Pakistan has only five per cent of tertiary enrolment, which is only comparable to sub Saharan Africa and when people say that we have so many universities here, it is factually incorrect, says the CEO of Habib University Foundation (HUF), Wasif Rizvi.
In a candid discussion on all that ails Pakistan’s education system, particularly the higher education system, Rizvi was hopeful that things can change in Pakistan “if there is investment in the education sector and rationality is given importance.”
Heading the upcoming Habib University, which is a project of a leading Pakistani banking and finance institution and will open doors to students in 2014, he says that there are not enough universities in Pakistan.
This statement might strike one as shocking given the mushroom growth of universities but it rings true given the fact that most of these institutions are no more than “degree-awarding facilities”. Not surprising though, in a country where the prevalent mindset about education is that of “an investment that will lead to a job”, it is no wonder that so many universities are now focusing on churning out “clones” that are trained to do a job rather than thinking individuals with the ability to innovate.
“We rank 124 out of the 144 countries in the world in tertiary education. Any country that has a 100 million people is ranked significantly above us in the list. Take a look at Mexico or Indonesia or Iran, even Egypt. These countries have invested quite a lot in high quality education, particularly at the higher level. This is very crucial to any country’s success, be it economic or social progress. Unfortunately, Pakistan has not paid any attention to this side at all and there is almost zero research that comes out of here. The same goes for any noteworthy publications,” he commented.
Mr Rizvi was accompanied by the Dean and CEO of Texas A&M University at Qatar, Mark E. Weichold, who was in Pakistan recently. Earlier, in 2010, Texas A&M at Qatar signed an agreement with HUF to share and collaborate educational experiences. In a bid to change the educational landscape of Pakistan, the HUF aims to provide quality education that is up to the standard offered in top American universities and at the same time produce well-rounded individuals who will have a positive impact on society.
Given that the fields of Liberal Arts and Humanities remain on the backburner and are hardly the first choice of many students and parents in Pakistan, Rizvi commented that this has negative implications on society.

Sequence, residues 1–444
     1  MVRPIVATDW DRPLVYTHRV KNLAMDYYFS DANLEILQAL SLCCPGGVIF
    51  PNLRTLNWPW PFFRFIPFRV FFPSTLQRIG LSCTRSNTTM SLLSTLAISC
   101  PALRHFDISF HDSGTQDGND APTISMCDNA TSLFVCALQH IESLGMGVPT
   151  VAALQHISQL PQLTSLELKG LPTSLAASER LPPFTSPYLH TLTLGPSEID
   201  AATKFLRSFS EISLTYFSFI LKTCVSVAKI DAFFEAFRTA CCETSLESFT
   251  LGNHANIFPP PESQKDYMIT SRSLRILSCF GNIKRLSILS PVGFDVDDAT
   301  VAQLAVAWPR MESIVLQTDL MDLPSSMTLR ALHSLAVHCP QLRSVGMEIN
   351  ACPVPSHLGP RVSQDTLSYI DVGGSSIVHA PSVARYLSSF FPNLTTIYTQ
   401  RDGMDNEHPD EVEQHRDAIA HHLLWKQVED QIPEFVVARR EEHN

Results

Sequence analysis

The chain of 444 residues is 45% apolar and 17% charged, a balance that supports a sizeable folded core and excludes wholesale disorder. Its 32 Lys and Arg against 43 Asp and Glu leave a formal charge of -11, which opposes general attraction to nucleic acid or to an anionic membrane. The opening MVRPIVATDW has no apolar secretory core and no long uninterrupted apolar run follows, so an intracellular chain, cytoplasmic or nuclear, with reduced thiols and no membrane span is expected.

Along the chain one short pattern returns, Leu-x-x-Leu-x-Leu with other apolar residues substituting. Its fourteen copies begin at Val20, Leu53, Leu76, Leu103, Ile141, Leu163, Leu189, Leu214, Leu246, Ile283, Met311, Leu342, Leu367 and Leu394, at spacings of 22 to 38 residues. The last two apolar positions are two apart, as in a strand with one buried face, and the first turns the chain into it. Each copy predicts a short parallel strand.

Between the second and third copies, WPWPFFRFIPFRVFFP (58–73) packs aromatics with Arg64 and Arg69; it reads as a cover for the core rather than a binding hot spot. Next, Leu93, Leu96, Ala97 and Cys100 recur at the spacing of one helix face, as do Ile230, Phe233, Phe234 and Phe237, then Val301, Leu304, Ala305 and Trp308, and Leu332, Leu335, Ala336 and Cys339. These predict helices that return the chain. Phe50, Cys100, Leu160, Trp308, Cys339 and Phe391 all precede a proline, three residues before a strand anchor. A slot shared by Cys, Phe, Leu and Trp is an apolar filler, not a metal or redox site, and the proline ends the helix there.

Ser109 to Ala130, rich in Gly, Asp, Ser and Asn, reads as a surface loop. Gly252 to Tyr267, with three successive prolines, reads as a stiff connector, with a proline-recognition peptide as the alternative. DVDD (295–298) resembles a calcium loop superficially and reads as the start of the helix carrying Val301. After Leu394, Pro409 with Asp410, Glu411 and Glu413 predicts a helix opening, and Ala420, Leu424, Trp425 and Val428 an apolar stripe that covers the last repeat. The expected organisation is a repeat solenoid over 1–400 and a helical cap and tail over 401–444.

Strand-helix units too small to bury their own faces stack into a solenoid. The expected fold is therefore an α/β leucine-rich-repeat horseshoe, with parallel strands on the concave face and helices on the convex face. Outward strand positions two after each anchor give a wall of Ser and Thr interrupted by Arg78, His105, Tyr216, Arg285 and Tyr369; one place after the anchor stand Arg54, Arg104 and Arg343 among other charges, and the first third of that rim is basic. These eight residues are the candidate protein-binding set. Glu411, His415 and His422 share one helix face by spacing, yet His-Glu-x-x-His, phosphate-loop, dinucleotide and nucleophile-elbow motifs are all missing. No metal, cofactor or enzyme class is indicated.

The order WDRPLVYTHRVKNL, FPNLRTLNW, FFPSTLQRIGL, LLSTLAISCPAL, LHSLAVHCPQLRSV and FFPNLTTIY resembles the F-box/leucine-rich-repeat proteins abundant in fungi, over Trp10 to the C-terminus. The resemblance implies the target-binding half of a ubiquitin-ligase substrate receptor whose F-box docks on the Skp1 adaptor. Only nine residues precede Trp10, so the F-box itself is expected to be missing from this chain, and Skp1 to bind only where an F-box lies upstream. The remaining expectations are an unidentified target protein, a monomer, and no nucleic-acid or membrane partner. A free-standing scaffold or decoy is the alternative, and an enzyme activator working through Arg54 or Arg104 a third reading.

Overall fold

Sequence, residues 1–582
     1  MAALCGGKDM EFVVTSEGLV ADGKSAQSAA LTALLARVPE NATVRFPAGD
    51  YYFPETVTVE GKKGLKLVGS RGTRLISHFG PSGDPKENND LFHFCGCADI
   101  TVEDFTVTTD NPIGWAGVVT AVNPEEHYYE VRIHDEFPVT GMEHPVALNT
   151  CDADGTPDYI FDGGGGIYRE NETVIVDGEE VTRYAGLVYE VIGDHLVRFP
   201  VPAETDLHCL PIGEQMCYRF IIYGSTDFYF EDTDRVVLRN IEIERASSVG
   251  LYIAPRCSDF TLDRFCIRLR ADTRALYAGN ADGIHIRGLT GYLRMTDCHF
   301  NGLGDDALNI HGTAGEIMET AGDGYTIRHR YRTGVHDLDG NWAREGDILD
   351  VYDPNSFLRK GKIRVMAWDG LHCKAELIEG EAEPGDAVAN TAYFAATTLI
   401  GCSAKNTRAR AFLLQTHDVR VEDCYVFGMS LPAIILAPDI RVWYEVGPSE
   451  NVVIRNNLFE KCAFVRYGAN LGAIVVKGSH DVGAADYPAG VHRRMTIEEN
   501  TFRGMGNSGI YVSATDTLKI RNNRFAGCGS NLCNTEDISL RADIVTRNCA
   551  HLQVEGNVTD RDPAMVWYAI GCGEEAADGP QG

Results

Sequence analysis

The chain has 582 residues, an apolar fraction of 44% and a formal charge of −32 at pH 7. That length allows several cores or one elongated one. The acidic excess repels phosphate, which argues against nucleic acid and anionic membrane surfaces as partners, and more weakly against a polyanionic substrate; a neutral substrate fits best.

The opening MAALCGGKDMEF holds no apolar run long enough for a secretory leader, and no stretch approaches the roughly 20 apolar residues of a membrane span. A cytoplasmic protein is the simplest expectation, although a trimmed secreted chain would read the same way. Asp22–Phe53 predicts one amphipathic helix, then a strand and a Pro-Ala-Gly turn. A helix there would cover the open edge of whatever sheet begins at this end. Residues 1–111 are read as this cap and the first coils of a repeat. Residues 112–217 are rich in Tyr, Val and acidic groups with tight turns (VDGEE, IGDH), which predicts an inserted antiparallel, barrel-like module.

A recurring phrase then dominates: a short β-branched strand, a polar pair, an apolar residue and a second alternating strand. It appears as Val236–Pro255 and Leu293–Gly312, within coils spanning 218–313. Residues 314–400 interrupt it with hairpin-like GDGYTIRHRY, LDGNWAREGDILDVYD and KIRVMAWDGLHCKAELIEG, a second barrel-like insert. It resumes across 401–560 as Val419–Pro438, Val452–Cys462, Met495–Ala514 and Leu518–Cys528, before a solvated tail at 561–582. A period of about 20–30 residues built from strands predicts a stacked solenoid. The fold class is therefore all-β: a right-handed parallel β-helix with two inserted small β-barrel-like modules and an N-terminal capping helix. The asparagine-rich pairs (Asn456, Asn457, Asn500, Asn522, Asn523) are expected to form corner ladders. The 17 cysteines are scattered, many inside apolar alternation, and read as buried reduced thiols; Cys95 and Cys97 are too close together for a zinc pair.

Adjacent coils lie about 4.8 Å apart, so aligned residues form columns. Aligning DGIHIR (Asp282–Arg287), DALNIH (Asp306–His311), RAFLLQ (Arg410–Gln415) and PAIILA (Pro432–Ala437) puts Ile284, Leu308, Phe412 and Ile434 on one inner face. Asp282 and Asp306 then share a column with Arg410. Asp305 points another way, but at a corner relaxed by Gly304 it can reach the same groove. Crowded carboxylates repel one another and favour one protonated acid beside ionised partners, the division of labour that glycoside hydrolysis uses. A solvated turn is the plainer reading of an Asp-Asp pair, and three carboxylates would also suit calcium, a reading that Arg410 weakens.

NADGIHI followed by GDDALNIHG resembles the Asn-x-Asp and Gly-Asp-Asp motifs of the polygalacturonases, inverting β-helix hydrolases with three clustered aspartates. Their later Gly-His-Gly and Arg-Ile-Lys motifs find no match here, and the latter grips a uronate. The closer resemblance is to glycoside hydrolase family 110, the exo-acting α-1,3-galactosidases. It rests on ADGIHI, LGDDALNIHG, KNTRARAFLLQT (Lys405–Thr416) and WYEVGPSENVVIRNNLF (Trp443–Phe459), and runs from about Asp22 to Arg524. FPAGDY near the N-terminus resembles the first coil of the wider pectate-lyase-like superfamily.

Commenting on the state of education, Rizvi said, “It is sad that creative thinking and critical thinking are not encouraged in Pakistan and as a result students are unable to achieve their maximum potential. We need to change this in the country and it would be a good start. We hope to follow the model that is available in US universities where they follow a general education model.”
He went on to add that Pakistan did have a reasonable education model during the 1950s and the ’60s. “But it was dismantled and converted into the specialised model with prime focus on Medicine and Engineering. It is a good sign that some universities are now trying to break free from this. LUMS has made an effort in this regard,” he added.
Agreeing with Rizvi’s views, Weichold said, “The narrowness of higher education in Pakistan is not unique. I have seen the same thing happening in other countries as well. The focus is more towards training rather than educating,” he said.
The downside of this practice is that while a university will produce accountants or engineers, “somehow the broader, more liberal education is being increasingly lost,” Weichold commented.
Giving an example of Qatar and the education system there, he said that initially people were apprehensive with the idea of an American university setting up a campus in a country with different values.
“However, the assumptions weren’t proved wrong. I saw change happen. The way the confidence of students soared during the first year is remarkable. Their abilities to think question and be more in touch with their surroundings is what improved,” he said.
However, Weichold adds, “This is not easy. The institution has to be persuasive about it. A course in critical thinking will never do it.”
“There is nothing inherently or biologically wrong with Pakistanis,” quipped Rizvi, as he commented on the perceived lack of rationality and logic. “If an education institution creates an environment that is very challenging and pushes one to be diligent while giving a different student life experience, than people in the country will come around to the idea of critical thinking. Young people respond very well to it.”